As you may have seen, Nicole Kidman is the focus of some ridiculous headlines today, with everyone from the AP to The Hollywood Reporter and E! blaring that Kidman "conceded" to Washington that Hollywood contributes to violence against women. It's the kind of headline I hate: Attention grabbing, anti-entertainment, and completely misleading.

Kidman is a Goodwill Ambassador for UNIFEM, and was testifying before a House Foreign Affairs committee. Her goal was funding and resources, and to discuss violence against women overseas. The committee is currently debating whether to pass legislation for humanitarian relief. In true government fashion Rep. Dana Rohrabacher ( R-Calif) decided having A Real Hollywood Star was a chance to shift the discussion into shallow ground, and ask Kidman whether or not the movie industry had played "a bad role." Kidman, who probably came prepared to actually discuss humanitarian efforts, gave a fairly bland answer: "Probably." She hastily added that she didn't feel her own roles had, that she was through with roles that portrayed women as weak or as sex objects. "I can't be responsible for all of Hollywood but I can certainly be responsible for my own career," she added, and argued that Hollywood had also "contributed to solutions."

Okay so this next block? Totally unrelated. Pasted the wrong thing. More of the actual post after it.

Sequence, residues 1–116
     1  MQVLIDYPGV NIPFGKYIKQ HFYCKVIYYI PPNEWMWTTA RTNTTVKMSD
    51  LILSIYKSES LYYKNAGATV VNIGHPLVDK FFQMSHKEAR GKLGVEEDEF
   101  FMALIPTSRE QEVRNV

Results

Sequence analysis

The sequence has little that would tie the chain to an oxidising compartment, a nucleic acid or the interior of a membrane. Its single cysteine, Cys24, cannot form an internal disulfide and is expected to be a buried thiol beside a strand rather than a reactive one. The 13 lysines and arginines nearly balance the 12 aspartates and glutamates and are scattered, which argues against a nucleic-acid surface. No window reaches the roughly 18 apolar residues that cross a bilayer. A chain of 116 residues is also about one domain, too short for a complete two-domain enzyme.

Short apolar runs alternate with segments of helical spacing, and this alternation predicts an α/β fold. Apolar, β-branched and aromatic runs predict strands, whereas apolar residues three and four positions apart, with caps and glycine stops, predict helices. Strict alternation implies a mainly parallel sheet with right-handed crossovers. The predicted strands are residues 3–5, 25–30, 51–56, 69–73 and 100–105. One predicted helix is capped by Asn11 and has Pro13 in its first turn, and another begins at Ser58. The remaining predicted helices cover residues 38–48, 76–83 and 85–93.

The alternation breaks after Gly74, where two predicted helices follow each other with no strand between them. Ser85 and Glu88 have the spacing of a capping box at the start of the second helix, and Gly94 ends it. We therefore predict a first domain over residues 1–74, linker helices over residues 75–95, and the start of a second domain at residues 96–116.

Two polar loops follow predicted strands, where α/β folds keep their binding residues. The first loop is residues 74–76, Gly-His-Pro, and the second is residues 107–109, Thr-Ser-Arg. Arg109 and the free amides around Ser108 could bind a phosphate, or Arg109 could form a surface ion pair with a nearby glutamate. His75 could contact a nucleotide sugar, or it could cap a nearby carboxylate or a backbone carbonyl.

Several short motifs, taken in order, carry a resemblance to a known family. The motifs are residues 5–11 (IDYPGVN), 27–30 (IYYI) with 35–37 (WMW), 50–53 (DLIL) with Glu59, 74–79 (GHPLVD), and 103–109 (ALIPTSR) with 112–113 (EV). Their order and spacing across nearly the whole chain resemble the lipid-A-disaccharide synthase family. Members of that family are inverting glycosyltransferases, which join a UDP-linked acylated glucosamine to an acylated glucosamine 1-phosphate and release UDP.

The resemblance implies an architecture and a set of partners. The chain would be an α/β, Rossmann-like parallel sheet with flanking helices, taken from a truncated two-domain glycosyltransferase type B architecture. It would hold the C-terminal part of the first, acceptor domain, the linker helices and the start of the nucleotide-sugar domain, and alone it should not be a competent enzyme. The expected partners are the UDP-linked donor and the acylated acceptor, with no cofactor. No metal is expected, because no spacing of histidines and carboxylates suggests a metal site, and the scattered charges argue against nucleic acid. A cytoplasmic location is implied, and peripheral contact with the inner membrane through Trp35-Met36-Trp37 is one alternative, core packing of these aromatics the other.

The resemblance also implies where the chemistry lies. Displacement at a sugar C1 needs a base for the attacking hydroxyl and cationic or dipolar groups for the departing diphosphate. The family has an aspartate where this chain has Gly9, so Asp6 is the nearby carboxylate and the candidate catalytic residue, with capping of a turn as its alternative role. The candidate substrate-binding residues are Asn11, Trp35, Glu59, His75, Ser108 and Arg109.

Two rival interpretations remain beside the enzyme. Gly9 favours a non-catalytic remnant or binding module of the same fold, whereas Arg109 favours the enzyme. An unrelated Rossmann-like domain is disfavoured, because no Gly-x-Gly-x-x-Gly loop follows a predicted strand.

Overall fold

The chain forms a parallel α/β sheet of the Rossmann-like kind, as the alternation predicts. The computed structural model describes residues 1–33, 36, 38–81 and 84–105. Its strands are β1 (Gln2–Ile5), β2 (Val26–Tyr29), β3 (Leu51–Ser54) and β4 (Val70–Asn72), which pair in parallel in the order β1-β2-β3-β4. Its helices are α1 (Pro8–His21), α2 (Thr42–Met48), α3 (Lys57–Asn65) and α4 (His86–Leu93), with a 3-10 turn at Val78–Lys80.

Undoubtedly, many will blame Kidman for making a shallow statement, and poke fun at her poorer script choices, but surely the blame falls on Rep. Rohrabacher for such an inane question. While Hollywood's portrayal and treatment of women is hardly stellar (if you read Cinematical regularly, you know we complain about it on an obsessive basis), and is certainly harmful socially and culturally, I would hardly blame it for violence. That's just the usual government claptrap that loves blaming the big, bad movie industry for glorifying sex and violence, and would now attempt to dodge humanitarian obligations by blaming Moulin Rouge.
categories Movies, Cinematical